Toddlers and preschoolers are still in the early stages of learning to communicate verbally. Add to that the fact that they have little-to-no impulse control and very immature social skills, and you’ve got a recipe for an instinctive physical response (i.e. hitting, kicking, biting, hair pulling, throwing things, etc.) to situations in which they are frustrated, angry, scared, or just tired and out-of-sorts.

Many parents who practice gentle discipline wonder where their little one picked up the behavior, not realizing that it is a normal and age-appropriate reaction, albeit an unacceptable one. Very often parents are advised to spank their child to train them not to hit others, especially those who are smaller and weaker than they are. (more…)

L.R.Knost is a best-selling parenting and children’s book author and founder and director of Little Hearts/Gentle Parenting Resources, an online resource for gentle parenting education, articles, and research. Books by L.R.Knost include Whispers Through Time: Communication Through the Ages and Stages of Childhood ; Two Thousand Kisses a Day: Gentle Parenting Through the Ages and Stages ; The Gentle Parent: Positive, Practical, Effective Discipline ; and Jesus, the Gentle Parent: Gentle Christian Parenting (Release date: May 2014) the first four books in the Little Hearts Handbook gentle parenting series, as well as her children’s picture books Petey’s Listening Ears and the soon-to-be-released Grumpykins series available from Amazon and other major retailers.


You’re Not the Boss of Me!

[Portions reprinted from The Gentle Parent: Positive, Practical, Effective Discipline by L.R.Knost.  Two Thousand Kisses a Day: Gentle Parenting Through the Ages and Stages and Whispers Through Time: Communication Through the Ages and Stages of Childhood also available on Amazon and through other major retailers.]

Few things ignite a parent’s temper like defiance. It feels like a slap in the face, a direct challenge to our authority. Power card…played. Gauntlet…thrown. Challenge…accepted?

Time out! No, not time-out as in punish your child, but time out as in hit the parental pause button, take a step back, assess the situation, and get some adult perspective.

There are three things to consider:

  1. Behaviors are communication. What is your child trying to communicate?
  2. Is the behavior really defiance, or did your child’s action hit a nerve in you for some reason?
  3. If the behavior is, in fact, defiance, what circumstances preceded it?

Once you’ve assessed the situation, you can more effectively address it. If your child is communicating an unmet need such as a need for more interaction from you, a need to be heard, or if they simply need an outlet for their energy, you can first meet those needs and then offer your child ideas about how to better communicate their needs to you in the future.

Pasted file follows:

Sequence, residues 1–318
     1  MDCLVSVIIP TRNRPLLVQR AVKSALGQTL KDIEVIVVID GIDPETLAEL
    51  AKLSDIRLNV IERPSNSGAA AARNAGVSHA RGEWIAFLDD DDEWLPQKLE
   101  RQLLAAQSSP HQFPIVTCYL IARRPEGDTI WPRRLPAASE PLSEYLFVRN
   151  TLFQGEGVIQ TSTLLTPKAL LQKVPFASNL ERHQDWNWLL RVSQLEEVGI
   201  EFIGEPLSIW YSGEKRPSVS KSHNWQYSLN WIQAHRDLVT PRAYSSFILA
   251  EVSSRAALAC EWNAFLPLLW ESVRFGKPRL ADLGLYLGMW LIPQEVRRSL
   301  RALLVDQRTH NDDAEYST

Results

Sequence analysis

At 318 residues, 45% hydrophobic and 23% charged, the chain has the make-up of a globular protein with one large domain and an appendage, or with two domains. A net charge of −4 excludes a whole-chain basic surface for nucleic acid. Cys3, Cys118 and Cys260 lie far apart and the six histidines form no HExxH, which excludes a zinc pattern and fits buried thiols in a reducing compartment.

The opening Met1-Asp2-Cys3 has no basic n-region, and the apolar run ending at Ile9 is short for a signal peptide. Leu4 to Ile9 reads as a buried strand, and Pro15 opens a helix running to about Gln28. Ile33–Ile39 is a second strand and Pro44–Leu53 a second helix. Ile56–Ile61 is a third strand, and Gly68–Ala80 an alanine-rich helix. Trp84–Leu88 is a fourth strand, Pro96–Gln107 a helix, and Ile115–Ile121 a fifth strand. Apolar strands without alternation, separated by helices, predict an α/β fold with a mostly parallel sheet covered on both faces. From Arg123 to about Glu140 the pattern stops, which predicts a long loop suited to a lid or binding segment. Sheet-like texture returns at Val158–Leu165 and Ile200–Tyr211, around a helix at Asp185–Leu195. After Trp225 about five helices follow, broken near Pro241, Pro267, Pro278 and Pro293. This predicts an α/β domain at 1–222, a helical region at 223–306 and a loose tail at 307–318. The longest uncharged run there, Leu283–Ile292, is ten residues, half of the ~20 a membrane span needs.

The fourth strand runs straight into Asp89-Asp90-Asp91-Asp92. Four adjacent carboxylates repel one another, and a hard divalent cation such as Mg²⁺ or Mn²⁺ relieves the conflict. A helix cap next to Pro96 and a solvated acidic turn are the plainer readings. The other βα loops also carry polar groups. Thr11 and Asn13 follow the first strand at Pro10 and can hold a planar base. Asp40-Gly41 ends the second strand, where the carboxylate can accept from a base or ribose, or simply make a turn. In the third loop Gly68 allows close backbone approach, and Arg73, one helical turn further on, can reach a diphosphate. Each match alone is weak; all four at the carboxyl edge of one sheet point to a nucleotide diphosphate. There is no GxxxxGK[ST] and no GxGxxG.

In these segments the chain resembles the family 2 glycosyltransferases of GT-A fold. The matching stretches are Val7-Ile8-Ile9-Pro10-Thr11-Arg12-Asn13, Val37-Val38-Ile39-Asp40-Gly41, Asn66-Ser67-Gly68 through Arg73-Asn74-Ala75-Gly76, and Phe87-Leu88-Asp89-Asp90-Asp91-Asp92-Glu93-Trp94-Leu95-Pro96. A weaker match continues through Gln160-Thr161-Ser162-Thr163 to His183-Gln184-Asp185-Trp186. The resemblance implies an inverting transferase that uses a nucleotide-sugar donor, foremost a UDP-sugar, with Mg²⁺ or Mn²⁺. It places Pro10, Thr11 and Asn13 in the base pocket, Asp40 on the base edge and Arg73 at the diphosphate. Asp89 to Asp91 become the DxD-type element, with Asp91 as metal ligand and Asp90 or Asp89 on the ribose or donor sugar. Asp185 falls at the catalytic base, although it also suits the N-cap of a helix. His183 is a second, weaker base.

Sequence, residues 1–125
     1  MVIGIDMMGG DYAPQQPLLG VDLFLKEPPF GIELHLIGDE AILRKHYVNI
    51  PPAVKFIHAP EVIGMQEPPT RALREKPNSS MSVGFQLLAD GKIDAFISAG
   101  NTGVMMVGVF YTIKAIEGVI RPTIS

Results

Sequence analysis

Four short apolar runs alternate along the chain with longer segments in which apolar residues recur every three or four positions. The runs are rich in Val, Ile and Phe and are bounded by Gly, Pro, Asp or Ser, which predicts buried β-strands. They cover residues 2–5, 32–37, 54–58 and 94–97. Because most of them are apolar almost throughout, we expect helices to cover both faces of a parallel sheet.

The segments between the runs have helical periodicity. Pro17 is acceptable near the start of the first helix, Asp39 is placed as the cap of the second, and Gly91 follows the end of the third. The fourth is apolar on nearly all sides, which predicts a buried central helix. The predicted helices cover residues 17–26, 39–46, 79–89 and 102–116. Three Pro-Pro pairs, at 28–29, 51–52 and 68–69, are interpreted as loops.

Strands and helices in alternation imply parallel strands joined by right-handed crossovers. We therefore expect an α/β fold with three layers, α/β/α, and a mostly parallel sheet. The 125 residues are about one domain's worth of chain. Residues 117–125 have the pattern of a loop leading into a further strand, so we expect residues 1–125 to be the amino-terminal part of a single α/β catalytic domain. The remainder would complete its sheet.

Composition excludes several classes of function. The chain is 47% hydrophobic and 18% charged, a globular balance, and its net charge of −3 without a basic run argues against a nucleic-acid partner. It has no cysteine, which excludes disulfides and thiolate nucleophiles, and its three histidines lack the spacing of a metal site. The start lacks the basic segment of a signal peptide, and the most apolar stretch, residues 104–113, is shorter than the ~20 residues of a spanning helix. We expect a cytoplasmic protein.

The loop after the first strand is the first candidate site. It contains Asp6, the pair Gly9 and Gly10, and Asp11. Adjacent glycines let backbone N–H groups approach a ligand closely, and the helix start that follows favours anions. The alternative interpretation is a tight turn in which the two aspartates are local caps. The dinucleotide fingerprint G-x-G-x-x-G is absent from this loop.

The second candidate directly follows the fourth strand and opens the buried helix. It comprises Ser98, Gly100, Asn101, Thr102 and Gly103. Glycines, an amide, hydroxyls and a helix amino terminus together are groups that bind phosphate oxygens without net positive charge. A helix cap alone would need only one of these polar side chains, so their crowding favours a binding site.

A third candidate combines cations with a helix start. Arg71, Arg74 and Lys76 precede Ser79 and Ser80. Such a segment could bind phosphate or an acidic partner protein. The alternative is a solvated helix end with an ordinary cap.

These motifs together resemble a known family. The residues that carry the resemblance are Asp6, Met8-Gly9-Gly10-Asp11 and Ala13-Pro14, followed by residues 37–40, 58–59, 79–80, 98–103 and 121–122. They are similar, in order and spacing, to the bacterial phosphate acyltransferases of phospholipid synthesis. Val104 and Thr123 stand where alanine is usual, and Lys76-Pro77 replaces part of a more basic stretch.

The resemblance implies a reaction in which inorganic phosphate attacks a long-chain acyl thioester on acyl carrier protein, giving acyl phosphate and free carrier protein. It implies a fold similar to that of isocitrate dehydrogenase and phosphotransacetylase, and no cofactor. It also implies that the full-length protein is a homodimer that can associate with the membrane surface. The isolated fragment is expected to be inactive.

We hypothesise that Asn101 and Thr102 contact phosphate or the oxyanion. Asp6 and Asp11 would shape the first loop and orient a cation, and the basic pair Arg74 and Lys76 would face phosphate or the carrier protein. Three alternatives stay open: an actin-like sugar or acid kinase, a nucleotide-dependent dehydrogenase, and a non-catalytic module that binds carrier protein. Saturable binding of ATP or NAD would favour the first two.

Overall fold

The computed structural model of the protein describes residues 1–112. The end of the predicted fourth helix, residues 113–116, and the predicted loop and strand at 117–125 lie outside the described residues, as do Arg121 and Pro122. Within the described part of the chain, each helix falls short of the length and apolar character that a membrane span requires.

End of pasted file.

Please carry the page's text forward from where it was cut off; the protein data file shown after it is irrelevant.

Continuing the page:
The same process applies if your child’s behavior is communicating stress, anger, fear, or insecurity. Taking a step back allows you to not only see the emotion behind the action, but also gives you a moment to consider if there have been any big transitions in your child’s life such as a move or change in childcare or a recent illness (or, possibly, a breach in trust if you have ‘lost it’ and yelled, threatened, or spanked) that they may have big feelings about but are not able to articulate. First you can meet those emotional needs with empathic listening, offering words to help them articulate their feelings, apologizing if you have broken trust with them, and providing an outlet for their pent up emotions. Then you can address their behavior by giving them options for expressing their needs in more acceptable ways.

Meeting their needs before addressing their behavior is vital because it lowers their defenses, clears whatever is cluttering up your parent/child connection, and opens the pathways to communication, in effect turning on their listening ears!

*On a side note, be aware that it is possible, especially with very young children, that what you are interpreting as defiance is actually age-appropriate curiosity and exploration. A twelve month old who repeatedly pulls the cat’s tail may be experimenting with the interesting sound the cat makes, the soft texture of the fur, her own feeling of power, or just trying to find out if pulling the tail is as ‘not-okay’ after her nap as it was before. Little ones too young to grasp the concept of permanence (typically those less than twenty-four to thirty months) live very much in the moment and cannot be expected to understand the permanent nature of rules and limits. Removing temptations (commonly referred to as baby-proofing) is not only for their safety, but is also a visual form of limit setting. A common misconception is that removing temptations is passive or indulgent parenting, but it is actually proactive parenting (whereas passive/indulgent parenting would be simply allowing the behavior) and is an effective and gentle beginning to the process of boundary setting.